Sales persons are sometimes advertising their service as "contract free", so that they would get a better chance to convince you to sign up for their service. I guess the reason why this works is because to average person "contract free" typically means that you don't have to read fine print on a written contract that most of the time works against you.
However, isn't this misleading advertising to claim that there is "no contract", because there always will be a contract - either verbal or written on a paper under different title (e.g. Application Form, "Unicorn tears")?
Based on answer I received here, the person claimed that it does not matter what is the title of the document - so document with title "Application Form" could incorporate another document via reference that specifies terms. Effectively you actually end up having a contract, but the only difference is that you did not explicitly sign the referenced document and did not have a chance to read it; and this works against you. Or another person confirmed here that there does not have to be any paper signed at all for judge to think that there was a contract in the first place. Also, another person told here that the terms don't need to explicitly be mentioned in the first place, if price (and possibly late fees) were omitted from contract, then judge will figure out what is fair.
What would judge do if you were able to prove that other party claimed that their service is "contract free"?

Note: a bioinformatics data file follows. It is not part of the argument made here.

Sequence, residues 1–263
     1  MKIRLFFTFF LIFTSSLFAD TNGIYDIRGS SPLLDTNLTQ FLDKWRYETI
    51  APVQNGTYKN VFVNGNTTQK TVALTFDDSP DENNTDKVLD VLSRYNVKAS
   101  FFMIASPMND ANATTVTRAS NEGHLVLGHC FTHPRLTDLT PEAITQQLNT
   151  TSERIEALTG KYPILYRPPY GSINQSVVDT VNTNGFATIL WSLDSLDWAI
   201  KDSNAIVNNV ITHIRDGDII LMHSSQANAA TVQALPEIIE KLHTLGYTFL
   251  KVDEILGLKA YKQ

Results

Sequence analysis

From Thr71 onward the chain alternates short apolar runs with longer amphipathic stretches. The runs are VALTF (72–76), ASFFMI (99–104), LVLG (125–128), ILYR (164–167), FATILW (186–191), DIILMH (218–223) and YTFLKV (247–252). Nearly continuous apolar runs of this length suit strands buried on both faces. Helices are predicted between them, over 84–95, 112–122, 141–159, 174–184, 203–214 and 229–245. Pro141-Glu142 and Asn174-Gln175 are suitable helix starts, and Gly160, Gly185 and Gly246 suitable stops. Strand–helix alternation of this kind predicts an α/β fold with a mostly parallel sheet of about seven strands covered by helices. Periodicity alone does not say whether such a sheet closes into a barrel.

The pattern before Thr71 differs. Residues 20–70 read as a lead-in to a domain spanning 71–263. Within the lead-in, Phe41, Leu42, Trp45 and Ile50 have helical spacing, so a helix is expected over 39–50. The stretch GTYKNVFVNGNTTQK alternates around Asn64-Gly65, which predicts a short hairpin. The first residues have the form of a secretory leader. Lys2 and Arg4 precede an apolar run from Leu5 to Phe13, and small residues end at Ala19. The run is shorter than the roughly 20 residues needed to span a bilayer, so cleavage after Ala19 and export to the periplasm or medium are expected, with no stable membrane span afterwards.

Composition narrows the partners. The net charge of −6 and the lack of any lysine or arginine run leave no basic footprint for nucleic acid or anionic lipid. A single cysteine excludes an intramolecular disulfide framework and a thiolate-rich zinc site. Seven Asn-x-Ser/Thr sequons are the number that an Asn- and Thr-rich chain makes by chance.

If sales person was honest would he have to explain to the other party that "contract free" actually means:
You know our service is only "written contract fee" and not "contract free". However, this is the exact reason why you would have to be really dumb to enter into business with us orally or just via Application Form, because now instead of just dealing with the fine print issue that you would have had with written contract, now you will also have to deal with incorporation by reference issue where we can incorporate terms and conditions from Application Form into our website or somewhere else; also, now instead of knowing what are the exact fees (e.g. ETF, late fees) that we would charge from you we will simply charge whatever we think is "fair amount". If you disagree with the amount of fees we charge, then no worries judge will decide what is fair for you. However, remember, just because that we did not disclose such fees in contract it does not mean that we can't charge them from you.
Does monologue from "honest" sales guy above really explains how our legal system works, if there is "no contract"? Note that this question is only asked from legal point of view and not from building good relationship point of view.
I will wait for multiple answers before accepting the right one. I will give preference to that answer that will be backed up with precedent case where judge discusses meaning of "no contract".